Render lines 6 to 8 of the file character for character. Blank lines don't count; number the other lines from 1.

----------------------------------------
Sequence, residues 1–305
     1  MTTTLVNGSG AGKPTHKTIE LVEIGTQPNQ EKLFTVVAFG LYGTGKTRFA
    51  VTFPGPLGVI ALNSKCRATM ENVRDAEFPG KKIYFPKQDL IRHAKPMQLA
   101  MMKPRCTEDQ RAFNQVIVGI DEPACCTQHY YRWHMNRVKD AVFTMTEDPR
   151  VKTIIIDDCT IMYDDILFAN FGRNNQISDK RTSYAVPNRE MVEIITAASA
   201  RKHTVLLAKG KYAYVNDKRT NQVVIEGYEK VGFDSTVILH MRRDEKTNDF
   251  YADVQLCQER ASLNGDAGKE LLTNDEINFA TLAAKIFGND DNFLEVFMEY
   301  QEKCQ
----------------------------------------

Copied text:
   201  RKHTVLLAKG KYAYVNDKRT NQVVIEGYEK VGFDSTVILH MRRDEKTNDF
   251  YADVQLCQER ASLNGDAGKE LLTNDEINFA TLAAKIFGND DNFLEVFMEY
   301  QEKCQ